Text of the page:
I think you're referring to the recommendations of a task force that recommended eliminating PSA testing for men who were otherwise healthy and without symptoms. The task force did recommend continued PSA testing for men who have a prostate cancer diagnosis or who have had treatment as a rising PSA for men who have had a RP or radiation is an indication of recurrence.

There was a very lively discussion about this on this forum a few months ago and you can review it here: http://csn.cancer.org/node/227836

Essentially, the PSA is a lousy indicator of prostate cancer for undiagnosed men and statistically, you have as much chance as detecting PCa with the PSA test as you do with flipping a coin.

Men over fifty have about a 25% chance of having some prostate cancer show up in a standard biopsy whether or not they have had a PSA test. For most men the biopsy is detecting indolent cancer that is never going to migrate or pose a threat to the man but given our societal norms today and our aversion to anything associated with CANCER thousands of men each year undergo unnecessary treatment of this indolent cancer and end up in a worse state from the side effects of treatment than anything they would have had to deal with from the cancer.

In my opinion, the problem is not with the test itself (it's just one of many data points) but with the doctors who use this test as a means to force expensive treatments on scared and uninformed men and the men themselves who choose not to seek alternate opinions.

There are many pros and cons and many men are passionate in believing that the PSA test saved their life.

Over the years there has been much controversy about the PSA test, the rather arbitrary numbers that were used to signal a biopsy (a PSA > 4.0 ng/ml), and the urological community in general seizing upon this test to grow their business through increased numbers of biopsies and treatments (mostly surgery).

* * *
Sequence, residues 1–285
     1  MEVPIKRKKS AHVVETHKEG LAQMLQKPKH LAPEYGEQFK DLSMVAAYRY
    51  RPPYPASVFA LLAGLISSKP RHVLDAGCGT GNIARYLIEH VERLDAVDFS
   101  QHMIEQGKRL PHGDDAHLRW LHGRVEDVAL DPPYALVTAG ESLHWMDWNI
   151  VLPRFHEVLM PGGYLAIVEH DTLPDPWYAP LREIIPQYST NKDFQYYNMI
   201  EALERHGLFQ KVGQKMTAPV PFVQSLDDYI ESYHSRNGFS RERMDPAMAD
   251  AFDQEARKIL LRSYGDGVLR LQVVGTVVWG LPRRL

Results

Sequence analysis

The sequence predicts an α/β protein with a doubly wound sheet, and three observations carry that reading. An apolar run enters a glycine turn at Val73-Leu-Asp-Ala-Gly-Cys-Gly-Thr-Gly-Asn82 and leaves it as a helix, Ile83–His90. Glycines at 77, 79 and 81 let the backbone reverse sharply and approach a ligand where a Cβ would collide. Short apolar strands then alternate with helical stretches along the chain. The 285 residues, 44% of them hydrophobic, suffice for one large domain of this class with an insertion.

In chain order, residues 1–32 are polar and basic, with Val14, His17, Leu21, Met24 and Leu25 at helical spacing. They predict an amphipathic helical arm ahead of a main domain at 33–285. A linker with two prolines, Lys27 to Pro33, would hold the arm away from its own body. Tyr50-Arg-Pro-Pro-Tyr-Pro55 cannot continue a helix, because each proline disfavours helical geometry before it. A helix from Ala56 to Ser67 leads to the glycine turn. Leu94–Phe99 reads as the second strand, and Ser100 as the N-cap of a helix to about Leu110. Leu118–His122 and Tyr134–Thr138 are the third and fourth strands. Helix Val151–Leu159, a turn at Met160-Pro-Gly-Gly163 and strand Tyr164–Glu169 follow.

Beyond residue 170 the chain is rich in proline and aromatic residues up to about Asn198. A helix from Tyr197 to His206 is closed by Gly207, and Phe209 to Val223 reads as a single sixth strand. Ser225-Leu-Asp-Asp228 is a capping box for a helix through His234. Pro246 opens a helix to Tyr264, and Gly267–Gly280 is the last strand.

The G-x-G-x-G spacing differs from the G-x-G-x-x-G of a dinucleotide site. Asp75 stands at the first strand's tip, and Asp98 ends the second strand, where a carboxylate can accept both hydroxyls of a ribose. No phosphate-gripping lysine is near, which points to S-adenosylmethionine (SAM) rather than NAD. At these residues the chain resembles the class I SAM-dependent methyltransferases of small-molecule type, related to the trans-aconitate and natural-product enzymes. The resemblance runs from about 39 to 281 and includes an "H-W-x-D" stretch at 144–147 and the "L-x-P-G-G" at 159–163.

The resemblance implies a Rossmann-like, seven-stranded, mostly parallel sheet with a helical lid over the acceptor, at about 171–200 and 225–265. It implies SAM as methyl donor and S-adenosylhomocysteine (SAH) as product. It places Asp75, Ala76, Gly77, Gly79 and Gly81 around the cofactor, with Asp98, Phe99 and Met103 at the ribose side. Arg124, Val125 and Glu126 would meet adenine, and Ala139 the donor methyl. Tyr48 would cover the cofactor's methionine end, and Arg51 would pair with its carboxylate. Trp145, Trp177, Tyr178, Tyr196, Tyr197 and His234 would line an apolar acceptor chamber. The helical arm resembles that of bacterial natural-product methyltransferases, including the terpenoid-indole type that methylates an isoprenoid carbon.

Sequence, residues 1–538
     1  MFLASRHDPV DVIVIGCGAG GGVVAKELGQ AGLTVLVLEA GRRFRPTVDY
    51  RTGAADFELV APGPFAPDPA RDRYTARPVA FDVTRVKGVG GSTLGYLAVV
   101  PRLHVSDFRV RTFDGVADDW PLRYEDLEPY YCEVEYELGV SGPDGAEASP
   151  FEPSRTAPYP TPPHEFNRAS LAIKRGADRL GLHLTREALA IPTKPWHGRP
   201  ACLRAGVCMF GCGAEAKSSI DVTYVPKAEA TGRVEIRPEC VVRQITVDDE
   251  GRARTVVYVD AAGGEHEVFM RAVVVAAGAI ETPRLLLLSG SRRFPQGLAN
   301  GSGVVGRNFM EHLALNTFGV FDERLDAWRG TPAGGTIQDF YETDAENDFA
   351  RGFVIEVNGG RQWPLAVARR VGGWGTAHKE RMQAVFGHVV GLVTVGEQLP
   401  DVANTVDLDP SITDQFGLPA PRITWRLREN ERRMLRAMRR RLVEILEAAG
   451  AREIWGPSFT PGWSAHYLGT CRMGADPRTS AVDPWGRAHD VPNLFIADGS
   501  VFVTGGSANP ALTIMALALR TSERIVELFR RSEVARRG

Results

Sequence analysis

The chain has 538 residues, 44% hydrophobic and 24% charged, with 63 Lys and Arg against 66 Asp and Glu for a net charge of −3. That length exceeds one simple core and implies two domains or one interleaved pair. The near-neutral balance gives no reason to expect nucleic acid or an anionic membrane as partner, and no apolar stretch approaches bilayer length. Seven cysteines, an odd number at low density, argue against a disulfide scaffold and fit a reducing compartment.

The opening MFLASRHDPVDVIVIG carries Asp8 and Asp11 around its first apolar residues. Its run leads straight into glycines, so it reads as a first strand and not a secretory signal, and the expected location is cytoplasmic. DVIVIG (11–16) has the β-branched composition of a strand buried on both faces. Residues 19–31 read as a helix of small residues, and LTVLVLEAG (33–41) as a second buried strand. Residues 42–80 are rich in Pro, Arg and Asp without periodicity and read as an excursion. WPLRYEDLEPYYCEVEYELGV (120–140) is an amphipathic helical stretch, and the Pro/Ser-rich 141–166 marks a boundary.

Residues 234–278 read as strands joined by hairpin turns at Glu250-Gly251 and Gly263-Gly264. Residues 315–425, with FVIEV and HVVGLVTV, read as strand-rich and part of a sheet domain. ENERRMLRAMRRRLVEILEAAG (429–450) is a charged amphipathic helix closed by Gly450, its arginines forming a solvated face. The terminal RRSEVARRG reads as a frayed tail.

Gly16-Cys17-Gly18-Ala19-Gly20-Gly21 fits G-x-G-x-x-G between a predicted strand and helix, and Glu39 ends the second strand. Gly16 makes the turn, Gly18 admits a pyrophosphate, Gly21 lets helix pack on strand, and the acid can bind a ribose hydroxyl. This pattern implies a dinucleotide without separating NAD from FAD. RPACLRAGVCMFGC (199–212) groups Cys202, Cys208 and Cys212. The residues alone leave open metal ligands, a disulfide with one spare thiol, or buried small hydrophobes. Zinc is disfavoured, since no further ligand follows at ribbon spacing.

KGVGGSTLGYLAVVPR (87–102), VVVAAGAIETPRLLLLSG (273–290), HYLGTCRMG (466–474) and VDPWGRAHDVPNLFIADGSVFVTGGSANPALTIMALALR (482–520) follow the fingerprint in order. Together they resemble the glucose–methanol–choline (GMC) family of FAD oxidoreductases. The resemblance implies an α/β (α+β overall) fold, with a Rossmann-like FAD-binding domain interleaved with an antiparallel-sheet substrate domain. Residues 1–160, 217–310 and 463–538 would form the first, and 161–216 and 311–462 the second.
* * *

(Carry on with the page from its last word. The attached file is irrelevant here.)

The best thing IMO is to be well informed, understand the statistical bias behind PSA testing, understand that for the overwhelming majority of men a PSA between 4 and 10 is most likely caused by BPH not PCa, and know those things that can cause PSA scores to spike by things like sex before the blood draw, exercise that presses the prostate (bicycle riding), some OTC medications like Advil, and even a hard stool. Knowledge is power.

K

barry2468
Posts: 9
Joined: Jan 2012

If it was not for the psa test I would not be alive today. There are a few dr's out there that just say the absolute reverse. Don't take any notice of psa tests and instead make your Testosterone stronger!!!!!!!!!!!!!!!!!!!! by taking pills to enhance it. That's a turnaround if ever there was one. If I had taken notice of this I undoubtedly be dead today. A well known doctor from USA that has a blog on the internet and sends out emails is a firm believer on this subject. I, of course never took any notice of my psa levels (although I recorded them all that time) until they rose above 10 (took 11 years from 4 to 10). Back then the limit before investigation was 4.2; now it's 6.5). Barry